[perl #42320] [BUG] Memory leak with String pmc

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Mehmet Yavuz Selim Soyturk

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Apr 5, 2007, 7:56:26 PM4/5/07
to bugs-bi...@rt.perl.org
# New Ticket Created by "Mehmet Yavuz Selim Soyturk"
# Please include the string: [perl #42320]
# in the subject line of all future correspondence about this issue.
# <URL: http://rt.perl.org/rt3/Ticket/Display.html?id=42320 >


The next program causes a memory leak for me.

.sub main :main
loop:
$P0 = new .String
goto loop
.end


Interestingly, no memory leak with:

.sub main :main
loop:
$S0 = "foo"
$P0 = new .String
goto loop
.end


Summary of my parrot 0.4.10 (r17974) configuration:
configdate='Thu Apr 5 00:16:26 2007 GMT'
Platform:
osname=linux, archname=i486-linux-gnu-thread-multi
jitcapable=1, jitarchname=i386-linux,
jitosname=LINUX, jitcpuarch=i386
execcapable=1
perl=/usr/bin/perl
Compiler:
cc='cc', ccflags='-D_REENTRANT -D_GNU_SOURCE -DTHREADS_HAVE_PIDS -DDEBIAN -
pipe -I/usr/local/include -D_LARGEFILE_SOURCE -D_FILE_OFFSET_BITS=64',
Linker and Libraries:
ld='cc', ldflags=' -L/usr/local/lib',
cc_ldflags='',
libs='-ldl -lm -lpthread -lcrypt -lrt -lgmp -lreadline -lncurses'
Dynamic Linking:
share_ext='.so', ld_share_flags='-shared -L/usr/local/lib -fPIC',
load_ext='.so', ld_load_flags='-shared -L/usr/local/lib -fPIC'
Types:
iv=long, intvalsize=4, intsize=4, opcode_t=long, opcode_t_size=4,
ptrsize=4, ptr_alignment=1 byteorder=1234,
nv=double, numvalsize=8, doublesize=8
--
Mehmet

Chromatic

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Apr 23, 2007, 2:23:15 PM4/23/07
to perl6-i...@perl.org, Mehmet Yavuz Selim Soyturk, bugs-bi...@rt.perl.org
On Thursday 05 April 2007 16:56, Mehmet Yavuz Selim Soyturk wrote:

> The next program causes a memory leak for me.
>
> .sub main :main
> loop:
> $P0 = new .String
> goto loop
> .end
>
>
> Interestingly, no memory leak with:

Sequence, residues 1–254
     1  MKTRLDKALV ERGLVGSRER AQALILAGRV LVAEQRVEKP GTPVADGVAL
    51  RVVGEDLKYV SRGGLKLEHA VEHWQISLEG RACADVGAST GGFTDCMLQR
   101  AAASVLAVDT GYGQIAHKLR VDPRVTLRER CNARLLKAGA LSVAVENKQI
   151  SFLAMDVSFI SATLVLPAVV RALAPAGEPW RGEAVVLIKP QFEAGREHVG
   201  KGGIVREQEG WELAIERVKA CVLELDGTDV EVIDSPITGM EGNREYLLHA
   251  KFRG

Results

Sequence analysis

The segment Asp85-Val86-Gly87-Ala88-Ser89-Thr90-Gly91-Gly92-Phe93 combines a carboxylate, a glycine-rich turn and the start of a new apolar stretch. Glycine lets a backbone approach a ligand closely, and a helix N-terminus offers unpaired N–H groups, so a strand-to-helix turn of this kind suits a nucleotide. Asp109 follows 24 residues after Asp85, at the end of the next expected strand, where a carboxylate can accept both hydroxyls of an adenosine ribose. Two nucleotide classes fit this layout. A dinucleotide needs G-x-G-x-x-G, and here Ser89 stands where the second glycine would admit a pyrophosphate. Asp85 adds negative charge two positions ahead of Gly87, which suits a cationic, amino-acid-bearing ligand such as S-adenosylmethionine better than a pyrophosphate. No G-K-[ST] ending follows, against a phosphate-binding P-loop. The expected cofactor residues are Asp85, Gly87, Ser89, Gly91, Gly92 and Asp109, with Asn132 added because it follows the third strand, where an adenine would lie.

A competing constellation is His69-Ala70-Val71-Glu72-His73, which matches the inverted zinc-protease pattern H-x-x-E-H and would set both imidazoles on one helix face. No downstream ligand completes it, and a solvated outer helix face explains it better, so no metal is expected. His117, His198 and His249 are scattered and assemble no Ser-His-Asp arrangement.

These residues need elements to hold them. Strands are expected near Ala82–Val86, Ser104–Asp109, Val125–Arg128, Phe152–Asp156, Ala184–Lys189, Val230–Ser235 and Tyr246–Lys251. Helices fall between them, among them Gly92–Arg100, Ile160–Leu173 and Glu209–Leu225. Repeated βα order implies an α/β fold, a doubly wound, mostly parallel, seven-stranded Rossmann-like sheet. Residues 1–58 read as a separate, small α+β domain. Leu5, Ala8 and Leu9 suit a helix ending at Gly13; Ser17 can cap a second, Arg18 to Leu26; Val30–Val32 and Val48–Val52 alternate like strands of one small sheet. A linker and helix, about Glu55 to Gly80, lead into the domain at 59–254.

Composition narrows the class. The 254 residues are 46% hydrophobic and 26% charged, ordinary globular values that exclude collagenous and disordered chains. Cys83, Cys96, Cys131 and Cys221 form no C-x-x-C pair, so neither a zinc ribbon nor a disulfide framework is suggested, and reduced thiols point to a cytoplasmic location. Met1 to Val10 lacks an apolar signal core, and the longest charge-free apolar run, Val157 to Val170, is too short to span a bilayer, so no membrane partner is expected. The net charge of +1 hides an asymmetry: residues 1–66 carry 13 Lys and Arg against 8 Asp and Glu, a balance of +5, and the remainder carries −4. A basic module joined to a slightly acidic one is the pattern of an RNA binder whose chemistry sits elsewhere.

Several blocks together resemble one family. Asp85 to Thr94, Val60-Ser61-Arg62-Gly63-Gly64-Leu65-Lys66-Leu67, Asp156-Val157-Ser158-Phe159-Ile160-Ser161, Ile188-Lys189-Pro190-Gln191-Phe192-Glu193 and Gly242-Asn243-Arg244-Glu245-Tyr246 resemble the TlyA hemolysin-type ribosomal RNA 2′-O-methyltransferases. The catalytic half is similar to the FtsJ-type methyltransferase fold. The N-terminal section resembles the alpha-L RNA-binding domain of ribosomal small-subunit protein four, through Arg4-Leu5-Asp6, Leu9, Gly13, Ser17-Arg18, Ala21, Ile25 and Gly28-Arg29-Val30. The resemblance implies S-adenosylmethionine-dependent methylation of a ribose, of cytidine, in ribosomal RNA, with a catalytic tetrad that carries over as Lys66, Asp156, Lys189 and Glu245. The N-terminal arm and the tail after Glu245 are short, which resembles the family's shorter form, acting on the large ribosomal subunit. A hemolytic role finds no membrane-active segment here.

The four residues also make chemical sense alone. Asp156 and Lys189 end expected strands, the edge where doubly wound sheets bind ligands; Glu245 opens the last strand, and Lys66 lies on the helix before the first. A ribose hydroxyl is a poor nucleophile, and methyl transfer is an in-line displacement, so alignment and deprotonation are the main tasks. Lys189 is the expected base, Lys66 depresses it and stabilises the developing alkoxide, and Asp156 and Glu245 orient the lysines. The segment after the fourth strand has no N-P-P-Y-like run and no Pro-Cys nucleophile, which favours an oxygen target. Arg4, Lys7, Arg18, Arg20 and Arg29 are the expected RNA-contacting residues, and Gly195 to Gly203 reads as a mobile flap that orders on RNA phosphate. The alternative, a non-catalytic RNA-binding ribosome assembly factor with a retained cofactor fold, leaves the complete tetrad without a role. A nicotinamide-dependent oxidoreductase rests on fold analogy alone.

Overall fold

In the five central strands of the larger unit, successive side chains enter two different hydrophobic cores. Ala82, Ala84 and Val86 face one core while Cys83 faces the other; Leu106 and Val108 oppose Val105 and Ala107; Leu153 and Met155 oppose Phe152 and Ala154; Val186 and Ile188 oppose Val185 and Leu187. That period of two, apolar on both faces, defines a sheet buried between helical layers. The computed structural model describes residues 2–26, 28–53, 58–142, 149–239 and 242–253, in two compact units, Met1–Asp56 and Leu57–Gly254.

>
> .sub main :main
> loop:
> $S0 = "foo"
> $P0 = new .String
> goto loop
> .end

I can't explain that, but here's some suspicious code in
Parrot_allocate_string() in src/resources.c:

new_size = aligned_string_size(str, size);
mem = (char *)mem_allocate(interp, new_size, pool);
mem += sizeof (void*);

PObj_bufstart(str) = str->strstart = mem;
PObj_buflen(str) = new_size - sizeof (void*);

If I identify and read the related freeing code correctly (Parrot_dod_sweep()
in src/gc/dod.c):

else if (PObj_sysmem_TEST(b) && PObj_bufstart(b)) {
/* has sysmem allocated, e.g. string_pin */
mem_sys_free(PObj_bufstart(b));
PObj_bufstart(b) = NULL;
PObj_buflen(b) = 0;
}

... then there's a leak the sizeof (void *).

I don't guarantee that I've identified the appropriate code clearly though;
digging through this is tricky.

Does this sound familiar or interesting or fun to anyone else?

-- c

Chromatic

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Apr 23, 2007, 2:52:26 PM4/23/07
to jerry gay, perl6-i...@perl.org, via RT Mehmet Yavuz Selim Soyturk, bugs-bi...@rt.perl.org
On Monday 23 April 2007 11:42, jerry gay wrote:

> > I don't guarantee that I've identified the appropriate code clearly
> > though; digging through this is tricky.

> > Does this sound familiar or interesting or fun to anyone else?

> sounds to me like it could be a reason for the pge garbage collection
> problems that andy and i have experienced.

That's exactly what I was thinking. I know I fixed some leaks the other day
which might help somewhat, but if we're not freeing Strings properly, there's
a problem.

Another possibility is that these PMCs get marked inappropriately when they're
no longer reachable from P-regs. I find that more difficult to believe, but
it's possible.

-- c

Jerry Gay

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Apr 23, 2007, 2:42:49 PM4/23/07
to chromatic, perl6-i...@perl.org, via RT Mehmet Yavuz Selim Soyturk, bugs-bi...@rt.perl.org
sounds to me like it could be a reason for the pge garbage collection
problems that andy and i have experienced.
~jerry

Leopold Toetsch

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Apr 23, 2007, 3:04:51 PM4/23/07
to perl6-i...@perl.org, chromatic
Am Montag, 23. April 2007 20:23 schrieb chromatic:
> On Thursday 05 April 2007 16:56, Mehmet Yavuz Selim Soyturk wrote:
> > The next program causes a memory leak for me.
> >
> > .sub main :main
> > loop:
> > $P0 = new .String
> > goto loop
> > .end

That's an endless loop. How does one measure, if it's leaking memory?